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Oregon Transparency Project: Political ContributionsErsun Warncke Salem-News.com Business and Economy Reporter
On the individual contribution side, the big spenders are fronting their own campaigns or the campaigns of their family members.
(EUGENE, Ore.) - The Oregon Transparency Project has expanded to include Political Contributions. All transactions listed in the ORESTAR database from January 1, 2009 through July 27, 2010 are currently listed. This data will be update frequently.
The Oregon Transparency Project offers concerned citizens a much easier to use and more informative method for browsing through this data. It is possible to browse through contributors and political committees by the amounts paid and received, and then quickly drill down to find all of the relevant transaction details.
I will be working, as I have time, to improve the interface for accessing this information, and adding additional analytical tools.
A brief review of the data reveals that corporations are leading the way with $15.4 million in contributions, followed by individuals with $10 million, and labor organizations with $8.1 million.
Interestingly, there are $8 million dollars in contributions reported as “MISCELLANEOUS CASH CONTRIBUTIONS $100 AND UNDER,” which means that the source is not reported. This represents about 15% of total contributions.
What is more interesting is that the average amount of these contributions is $407.26, with some ranging up to several thousand dollars.
Other matters of note include the $1.3 million dollars funneled by Clairvest Group Inc., a Canadian investment bank, to the front organization “Good for Oregon”( goodfororegon.org) in order to get two measures on the ballot to allow a casino to be built in Portland.
In an Orwellian naming contest, a foreign bank trying to build a casino in order to rip off our citizens and calling their political committee “Good for Oregon,” would probably take the prize.
As far as corporate shell games and initiative petitions go, the Ross Day fronted “Defend your Castle Committee,” which is pushing Petition 63, has received all of its “In Kind” funding from two corporations controlled by Ross Day, along with a bit from Kevin Mannix.
Political disclosure gets a lot simpler when all of your contributions come from corporations you control, which of course do not have to reveal the sources of their funding.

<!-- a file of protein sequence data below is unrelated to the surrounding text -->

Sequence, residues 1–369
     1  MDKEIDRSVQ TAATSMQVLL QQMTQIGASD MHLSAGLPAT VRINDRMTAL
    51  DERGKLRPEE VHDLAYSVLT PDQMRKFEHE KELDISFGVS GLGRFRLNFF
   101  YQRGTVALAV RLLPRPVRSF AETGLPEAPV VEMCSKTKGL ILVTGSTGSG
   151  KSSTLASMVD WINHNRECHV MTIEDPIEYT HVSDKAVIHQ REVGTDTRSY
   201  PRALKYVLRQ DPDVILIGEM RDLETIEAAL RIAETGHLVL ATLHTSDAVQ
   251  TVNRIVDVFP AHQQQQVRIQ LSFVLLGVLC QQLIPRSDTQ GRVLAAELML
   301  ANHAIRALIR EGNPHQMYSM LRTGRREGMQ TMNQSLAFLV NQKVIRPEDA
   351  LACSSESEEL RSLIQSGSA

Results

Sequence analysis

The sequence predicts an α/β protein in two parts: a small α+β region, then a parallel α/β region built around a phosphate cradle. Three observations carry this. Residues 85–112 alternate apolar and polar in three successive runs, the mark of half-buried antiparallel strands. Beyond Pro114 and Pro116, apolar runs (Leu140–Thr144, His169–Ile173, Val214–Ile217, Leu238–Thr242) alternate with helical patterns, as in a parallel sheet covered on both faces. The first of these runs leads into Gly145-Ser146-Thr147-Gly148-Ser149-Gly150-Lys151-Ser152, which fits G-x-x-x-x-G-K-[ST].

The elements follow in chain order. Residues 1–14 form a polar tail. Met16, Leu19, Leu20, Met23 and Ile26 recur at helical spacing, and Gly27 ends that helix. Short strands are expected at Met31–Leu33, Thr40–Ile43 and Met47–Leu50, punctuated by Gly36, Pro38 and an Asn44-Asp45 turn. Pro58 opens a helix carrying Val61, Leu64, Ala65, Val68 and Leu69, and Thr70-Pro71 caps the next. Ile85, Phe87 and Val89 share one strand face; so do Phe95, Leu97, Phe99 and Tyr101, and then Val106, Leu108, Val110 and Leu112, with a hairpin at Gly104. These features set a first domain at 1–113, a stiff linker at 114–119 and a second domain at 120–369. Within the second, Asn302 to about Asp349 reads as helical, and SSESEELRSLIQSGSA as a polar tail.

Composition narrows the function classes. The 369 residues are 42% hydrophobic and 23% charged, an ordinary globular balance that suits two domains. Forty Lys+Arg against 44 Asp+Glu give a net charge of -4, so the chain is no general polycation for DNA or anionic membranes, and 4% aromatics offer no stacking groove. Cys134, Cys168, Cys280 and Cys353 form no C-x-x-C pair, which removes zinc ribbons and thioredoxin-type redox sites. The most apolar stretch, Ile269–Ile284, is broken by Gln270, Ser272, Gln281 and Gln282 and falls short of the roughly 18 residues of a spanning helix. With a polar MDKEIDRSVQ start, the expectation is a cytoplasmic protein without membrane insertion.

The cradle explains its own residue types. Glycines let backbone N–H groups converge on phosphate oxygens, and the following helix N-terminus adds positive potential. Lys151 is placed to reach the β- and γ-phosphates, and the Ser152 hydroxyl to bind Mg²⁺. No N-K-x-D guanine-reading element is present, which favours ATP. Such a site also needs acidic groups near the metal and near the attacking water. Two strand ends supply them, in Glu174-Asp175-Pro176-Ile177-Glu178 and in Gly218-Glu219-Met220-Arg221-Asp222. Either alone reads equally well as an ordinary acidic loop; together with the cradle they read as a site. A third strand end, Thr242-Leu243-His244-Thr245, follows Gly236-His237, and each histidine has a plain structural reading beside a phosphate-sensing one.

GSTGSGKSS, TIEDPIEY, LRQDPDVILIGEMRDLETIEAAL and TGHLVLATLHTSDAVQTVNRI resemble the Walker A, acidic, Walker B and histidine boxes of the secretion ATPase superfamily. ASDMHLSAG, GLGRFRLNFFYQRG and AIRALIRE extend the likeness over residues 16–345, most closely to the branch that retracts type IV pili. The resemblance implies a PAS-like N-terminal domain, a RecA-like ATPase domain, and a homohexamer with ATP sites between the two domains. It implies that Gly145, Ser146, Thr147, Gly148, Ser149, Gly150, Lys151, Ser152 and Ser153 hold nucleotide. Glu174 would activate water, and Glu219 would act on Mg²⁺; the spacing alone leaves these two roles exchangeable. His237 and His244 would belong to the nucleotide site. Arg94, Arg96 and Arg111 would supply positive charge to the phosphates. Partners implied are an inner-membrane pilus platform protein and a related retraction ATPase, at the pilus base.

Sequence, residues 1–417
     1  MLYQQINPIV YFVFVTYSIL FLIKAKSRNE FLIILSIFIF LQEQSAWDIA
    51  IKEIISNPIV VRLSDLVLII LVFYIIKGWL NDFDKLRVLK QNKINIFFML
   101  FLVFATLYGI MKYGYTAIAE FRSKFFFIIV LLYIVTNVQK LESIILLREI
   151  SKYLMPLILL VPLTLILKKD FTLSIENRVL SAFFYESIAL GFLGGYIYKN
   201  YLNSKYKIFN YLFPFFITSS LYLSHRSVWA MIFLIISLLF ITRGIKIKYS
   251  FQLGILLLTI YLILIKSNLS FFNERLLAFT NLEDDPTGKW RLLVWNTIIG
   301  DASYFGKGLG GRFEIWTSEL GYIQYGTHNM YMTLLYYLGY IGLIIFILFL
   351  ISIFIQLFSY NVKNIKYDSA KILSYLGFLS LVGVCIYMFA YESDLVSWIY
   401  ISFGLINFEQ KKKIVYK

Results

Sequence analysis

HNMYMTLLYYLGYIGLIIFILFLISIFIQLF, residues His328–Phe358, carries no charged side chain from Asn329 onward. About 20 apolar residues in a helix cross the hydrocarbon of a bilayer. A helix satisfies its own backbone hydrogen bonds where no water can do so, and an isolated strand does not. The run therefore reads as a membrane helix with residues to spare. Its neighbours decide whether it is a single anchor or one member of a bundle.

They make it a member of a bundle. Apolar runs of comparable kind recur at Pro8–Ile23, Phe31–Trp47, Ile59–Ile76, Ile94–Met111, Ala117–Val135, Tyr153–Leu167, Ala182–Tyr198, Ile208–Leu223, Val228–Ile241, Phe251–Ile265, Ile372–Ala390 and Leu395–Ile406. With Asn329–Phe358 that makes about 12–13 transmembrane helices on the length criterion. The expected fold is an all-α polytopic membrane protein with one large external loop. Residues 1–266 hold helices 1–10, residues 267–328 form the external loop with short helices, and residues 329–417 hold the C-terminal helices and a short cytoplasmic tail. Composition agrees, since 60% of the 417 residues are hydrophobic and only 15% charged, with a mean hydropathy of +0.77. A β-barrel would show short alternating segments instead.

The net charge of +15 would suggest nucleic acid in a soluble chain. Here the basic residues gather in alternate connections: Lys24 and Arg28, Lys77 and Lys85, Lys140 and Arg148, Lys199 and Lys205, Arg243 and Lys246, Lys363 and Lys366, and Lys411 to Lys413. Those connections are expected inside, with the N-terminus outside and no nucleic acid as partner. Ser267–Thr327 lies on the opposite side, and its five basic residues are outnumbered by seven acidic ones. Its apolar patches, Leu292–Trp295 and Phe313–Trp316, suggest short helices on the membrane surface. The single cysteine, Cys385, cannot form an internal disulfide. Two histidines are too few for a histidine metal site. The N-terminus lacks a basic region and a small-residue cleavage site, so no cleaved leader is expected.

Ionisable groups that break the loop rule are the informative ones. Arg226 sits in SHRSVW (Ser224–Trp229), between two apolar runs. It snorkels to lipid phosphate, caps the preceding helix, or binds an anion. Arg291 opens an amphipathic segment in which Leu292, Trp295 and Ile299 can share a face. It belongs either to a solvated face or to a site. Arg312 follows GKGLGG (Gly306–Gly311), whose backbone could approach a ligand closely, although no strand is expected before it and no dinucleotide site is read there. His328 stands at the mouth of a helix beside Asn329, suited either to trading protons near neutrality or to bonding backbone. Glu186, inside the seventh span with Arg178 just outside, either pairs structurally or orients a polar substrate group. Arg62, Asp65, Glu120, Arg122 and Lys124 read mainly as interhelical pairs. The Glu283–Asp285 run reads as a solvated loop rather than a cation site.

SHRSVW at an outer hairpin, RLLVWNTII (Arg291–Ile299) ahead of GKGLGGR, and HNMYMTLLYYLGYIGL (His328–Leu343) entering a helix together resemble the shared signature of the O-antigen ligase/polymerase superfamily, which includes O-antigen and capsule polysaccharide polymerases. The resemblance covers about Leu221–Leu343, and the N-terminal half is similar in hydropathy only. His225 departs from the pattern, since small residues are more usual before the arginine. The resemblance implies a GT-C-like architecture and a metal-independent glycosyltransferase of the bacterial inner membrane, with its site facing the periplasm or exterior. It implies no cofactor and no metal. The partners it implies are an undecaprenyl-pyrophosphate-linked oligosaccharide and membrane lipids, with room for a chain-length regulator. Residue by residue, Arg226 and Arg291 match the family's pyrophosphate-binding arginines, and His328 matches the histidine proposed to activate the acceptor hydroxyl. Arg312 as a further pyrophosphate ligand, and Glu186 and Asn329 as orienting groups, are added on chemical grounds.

Top corporate contributors are, unsurprisingly, those that are either major recipients of government contracts or operators of government sanctioned monopolies.
The energy companies PGE and NW Natural, both operators of government sanctioned monopolies whose profits depend on the mood of State regulators, are at the top of the list.
Blue Cross Blue Shield, recipient of $280 million dollars in tax payer money last year, is number three among corporate contributors, with $160,000 in contributions.
Stimson Lumber Company, which donated $75,000 to fighting last year’s tax increase measures, is a top contributor to Chris Dudley with $50,000 on the table to back him to date.
Other top Dudley backers include S & G Properties ($112,000), Austin Industries ($100,000), Phil Knight ($100,000), Daniel Fegan ($100,000), Steve Shepard ($60,353), Lawrence Wilson ($50,000), Oregon Health Care Association ($50,000), Greg Roderick ($28,550), American Industries ($25,000), Don Harmon ($23,000), Peter Brix ($21,000), and Natural Gas Pac ($10,000) [I guess someone wants their pipeline].
Asset Recovery Group has spent $26,035, primarily to the “Professional Adjusters Interested In Democracy” committee, a front for collection agencies. Click Here for a list of politicians financing their campaigns with money from legalized loan sharks.
On the labor side, the Oregon Education Association is the grand champion in organized political spending. They have dropped over $2 million dollars into the political process. The SEIU has spent more than the OEA in total, although it is split up between different official entities.
On the individual contribution side, the big spenders are fronting their own campaigns or the campaigns of their family members. The other big money people are mostly lawyers and doctors (no great surprise there).
This is only a cursory review of the information available, and there will be more to come in the future.
In order to really make sense of this volume of data, serious depth analysis is required, which traces back payments through various committees and corporations to the ultimate contributor.
I will also be conducting a thorough statistical analysis of the links between State spending on private sector contracts and political contributions.
Meanwhile, if anyone would like to get back to me on why the anonymous contributions under $100 actually average out to over $400, I would certainly be interested to know.
Salem-News.com Business/Economy Reporter Ersun Warncke is a native Oregonian. He has a degree in Economics from Portland State University and studied Law at University of Oregon. At a young age, his career spans a wide variety of fields, from fast food, to union labor, to computer programming. He has published works concerning economics, business, government, and media on blogs for several years. He currently works as an independent software designer specializing in web based applications, open source software, and peer-to-peer (P2P) applications.
Ersun describes his writing as being "in the language of the boardroom from the perspective of the shop floor." He adds that "he has no education in journalism other than reading Hunter S. Thompson." But along with life comes the real experience that indeed creates quality writers. Right now, every detail that can help the general public get ahead in life financially, is of paramount importance.
You can write to Ersun at: firstname.lastname@example.org
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